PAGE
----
The question of why a player would take the test in 2003 was answered in the other thread, but to save people from clicking back, the 2003 survey testing was “voluntary” only to the extent that the Players’ Union agreed to the program and its consequences. Under it, every player was tested druing spring training — twice, actually — and then an additional control group of 240 players was tested later in the season. As many players admitted at the time, there was a P.R. calculus to this in that, if the percentage of positives were low, the people going around and claiming that large percentages of players were using could be shouted down, and if the numbers were high and thus mandatory testing kicked in, hey, at least there was some rational basis for it beyond media hysteria. However cynical a calculation it was in the first instance, the fact that players knew the tests would come in March and more than 5% still tested positive indicates just how deluded some of these guys were.

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Comments

  1. ChrisKoz said...

    As far as the “making a statement that is literally true but designed to deceive casual listeners into thinking it means something very different from what it really does mean” statement goes. This is 1L stuff here.

    Take Bronston v. United States: “It may well be that petitioner’s answers were not guileless but were shrewdly calculated
    to evade. Nevertheless, we are constrained to agree with Judge Lumbard, who dissented from
    the judgment of the Court of Appeals, that any special problems arising from the literally true but unresponsive answer are to be remedied through the “questioner’s acuity” and not by a federal perjury prosecution. . . .”

    So, I completely agree Craig, it’s up to counsel for the subcommittee and the subcommittee members themselves to call him out on his bad wording. The lawyer did his job 100%.

  2. Craig Calcaterra said...

    Um, yeah, what ChrisKoz said. I was totally thinking of the court’s holding in Bronston . . .which I remember. Um, from law school.

    OK, in all seriousness, this demonstrates the value of law school, kids. I have no memory of Bronston, but by gum, the concept, either directly from that case or from the general mode and structure of reasoning that law school imprinted upon my little brain, I just sort of knew the principle of Bronston re: whose duty it is to get to the truth in such instances.

    Law school: it’s not just for prventing poverty among liberal arts majors!

  3. Rob² said...

    Don’t forget to degree to which these congressional hearings are a dog-and-pony show.  The last thing the congressmen want in that instance is grilling any of those ballplayers to the extent that they may actually reveal some illegal activity under oath.

    As long as they heard Sosa say something that would sail with the public at-large, they were likely relieved that they didn’t have the mess that was the Clemens/McNamee hearing on their hands.

    As for the testing, I seem to recall reports that several (if not many) players were refusing the tests in an effort to trigger the threshold, given that a refusal to participate was considered a positive test result.  I wonder if any of the names on the list are there for that reason.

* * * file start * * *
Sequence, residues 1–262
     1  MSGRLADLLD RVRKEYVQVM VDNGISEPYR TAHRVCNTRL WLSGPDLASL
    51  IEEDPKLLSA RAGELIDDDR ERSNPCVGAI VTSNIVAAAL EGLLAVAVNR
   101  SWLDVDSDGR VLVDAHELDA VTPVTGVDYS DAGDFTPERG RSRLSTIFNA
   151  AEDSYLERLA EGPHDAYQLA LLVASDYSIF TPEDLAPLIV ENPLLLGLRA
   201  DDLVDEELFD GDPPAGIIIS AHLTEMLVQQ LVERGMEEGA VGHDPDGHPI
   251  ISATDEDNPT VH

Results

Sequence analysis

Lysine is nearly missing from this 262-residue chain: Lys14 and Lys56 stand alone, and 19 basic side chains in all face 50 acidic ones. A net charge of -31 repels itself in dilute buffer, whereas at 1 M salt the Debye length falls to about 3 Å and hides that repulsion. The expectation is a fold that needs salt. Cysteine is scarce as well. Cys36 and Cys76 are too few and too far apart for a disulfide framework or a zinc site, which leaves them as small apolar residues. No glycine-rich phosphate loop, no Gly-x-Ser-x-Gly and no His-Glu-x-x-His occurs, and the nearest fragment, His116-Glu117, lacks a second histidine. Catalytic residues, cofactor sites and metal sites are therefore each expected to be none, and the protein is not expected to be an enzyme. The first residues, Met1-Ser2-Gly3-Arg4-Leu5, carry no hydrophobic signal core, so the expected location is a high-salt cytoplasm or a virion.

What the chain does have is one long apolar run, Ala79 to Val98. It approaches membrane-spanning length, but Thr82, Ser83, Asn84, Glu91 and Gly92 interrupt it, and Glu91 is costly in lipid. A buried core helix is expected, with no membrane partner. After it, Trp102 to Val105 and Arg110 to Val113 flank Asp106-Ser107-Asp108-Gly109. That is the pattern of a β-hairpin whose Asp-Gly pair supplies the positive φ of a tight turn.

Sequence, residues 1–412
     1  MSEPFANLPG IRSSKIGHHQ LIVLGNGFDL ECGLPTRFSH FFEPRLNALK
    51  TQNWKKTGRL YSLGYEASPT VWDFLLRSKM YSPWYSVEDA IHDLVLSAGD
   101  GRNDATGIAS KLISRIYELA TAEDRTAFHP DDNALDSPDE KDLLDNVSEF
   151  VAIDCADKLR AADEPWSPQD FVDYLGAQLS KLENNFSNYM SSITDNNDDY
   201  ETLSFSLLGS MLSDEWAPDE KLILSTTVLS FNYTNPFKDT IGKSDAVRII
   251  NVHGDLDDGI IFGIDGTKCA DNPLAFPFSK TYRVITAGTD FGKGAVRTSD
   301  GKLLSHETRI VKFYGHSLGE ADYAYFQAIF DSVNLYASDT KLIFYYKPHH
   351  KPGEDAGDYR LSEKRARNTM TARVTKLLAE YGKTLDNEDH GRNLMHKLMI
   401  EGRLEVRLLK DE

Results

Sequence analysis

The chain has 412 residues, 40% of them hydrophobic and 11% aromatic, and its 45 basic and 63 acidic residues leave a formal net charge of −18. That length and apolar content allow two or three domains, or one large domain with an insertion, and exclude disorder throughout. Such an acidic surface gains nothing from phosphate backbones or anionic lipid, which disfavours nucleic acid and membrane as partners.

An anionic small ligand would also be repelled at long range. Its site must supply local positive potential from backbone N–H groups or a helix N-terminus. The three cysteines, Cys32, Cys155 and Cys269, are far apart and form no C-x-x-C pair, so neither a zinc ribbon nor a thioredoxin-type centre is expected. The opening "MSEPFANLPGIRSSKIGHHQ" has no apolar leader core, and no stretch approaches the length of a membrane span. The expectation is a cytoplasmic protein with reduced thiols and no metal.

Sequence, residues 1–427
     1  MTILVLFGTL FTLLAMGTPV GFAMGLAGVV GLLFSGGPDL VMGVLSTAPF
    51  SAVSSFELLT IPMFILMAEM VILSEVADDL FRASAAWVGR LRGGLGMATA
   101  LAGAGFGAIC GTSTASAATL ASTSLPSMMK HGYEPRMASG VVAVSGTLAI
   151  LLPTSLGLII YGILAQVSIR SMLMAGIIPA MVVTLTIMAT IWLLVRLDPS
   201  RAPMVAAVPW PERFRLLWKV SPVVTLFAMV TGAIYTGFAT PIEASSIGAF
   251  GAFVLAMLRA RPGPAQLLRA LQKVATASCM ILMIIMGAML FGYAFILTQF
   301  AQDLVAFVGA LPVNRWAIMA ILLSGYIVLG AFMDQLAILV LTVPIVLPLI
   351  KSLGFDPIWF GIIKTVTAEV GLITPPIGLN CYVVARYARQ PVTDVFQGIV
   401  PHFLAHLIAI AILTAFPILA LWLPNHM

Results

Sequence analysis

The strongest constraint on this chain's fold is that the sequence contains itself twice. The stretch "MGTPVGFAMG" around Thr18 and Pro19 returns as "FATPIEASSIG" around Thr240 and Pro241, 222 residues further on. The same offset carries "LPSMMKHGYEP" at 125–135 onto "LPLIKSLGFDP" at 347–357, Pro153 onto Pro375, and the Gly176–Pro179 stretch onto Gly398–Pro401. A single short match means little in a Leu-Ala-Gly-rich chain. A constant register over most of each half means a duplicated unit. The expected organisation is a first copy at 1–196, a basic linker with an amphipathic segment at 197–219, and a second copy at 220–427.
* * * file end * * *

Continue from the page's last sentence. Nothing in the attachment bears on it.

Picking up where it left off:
4. Jack Marshall said...

    Thanks for the careful and considered response, Craig. I do think it is within a lawyer’s role to do more than just give legal advice—-if you keep a client from perjury but he ends up injuring his reputation and future earning power as a result, then your advice may have been incomplete, or even, on balance, wrong. [ Rule 2.1 Advisor: “In rendering advice, a lawyer may refer not only to law but to other considerations such as moral, economic, social and political factors, that may be relevant to the client’s situation.” ] All in all,however, I agree that Sosa, like McGwire and Palmeiro, was in a tough fix, and his lawyer’s solution was as good as he was going to get. Raffy denied, MM evaded, Sammy parsed. And, in the end, it didn’t make a lot of difference: they’re all essentially in the same boat now.

  5. John said...

    Rule 2.1, Comment 4: “Where consultation with a professional in another field is itself something a competent lawyer would recommend, that lawyer should make such a recommendation.”

    Comment 5: “A lawyer ordinarily has no duty to initiate investigation of a client’s affairs, or to give advice that the client has indicated is unwanted, but a lawyer may initiate advice to a client when doing so appears to be in the client’s interest.”

    In other words, once again Craig’s instincts are impeccable.

    The point is that Raffy, Palmeiro, and Sosa might be in the same boat, but only Palmeiro was ever in any danger of being indicted for perjury, as far as I can tell.

    It’s a secondary concern as to public relations.

  6. michael standish said...

    Neyer has this today:

    “I’m not real thrilled with Sosa for cheating—or for lying to Congress while under oath—”

  7. The Common Man said...

    Well, that kind of depends on your definition of a “good lawyer” (oxymoron, Craig?) doesn’t it, Jack?  Your requirements of representing Mr. Sosa responsibly seem to be in competition with John’s.  I’m speaking as a layman here, but it seems that a lawyer must balance those requirements in deciding what is best for his or her client.  And Sosa’s lawyer (we presume) gave his client the advice that would keep him on the right side of the law, and allow him to play more seasons in the majors(his short-term earning power was not harmed).